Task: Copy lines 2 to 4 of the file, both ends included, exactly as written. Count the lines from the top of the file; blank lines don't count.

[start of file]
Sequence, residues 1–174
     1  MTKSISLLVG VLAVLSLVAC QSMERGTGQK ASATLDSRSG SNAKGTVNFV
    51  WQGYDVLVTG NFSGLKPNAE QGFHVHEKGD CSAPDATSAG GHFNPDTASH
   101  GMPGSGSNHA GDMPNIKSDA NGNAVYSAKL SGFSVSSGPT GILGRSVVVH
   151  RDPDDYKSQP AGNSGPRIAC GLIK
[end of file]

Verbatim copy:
     1  MTKSISLLVG VLAVLSLVAC QSMERGTGQK ASATLDSRSG SNAKGTVNFV
    51  WQGYDVLVTG NFSGLKPNAE QGFHVHEKGD CSAPDATSAG GHFNPDTASH
   101  GMPGSGSNHA GDMPNIKSDA NGNAVYSAKL SGFSVSSGPT GILGRSVVVH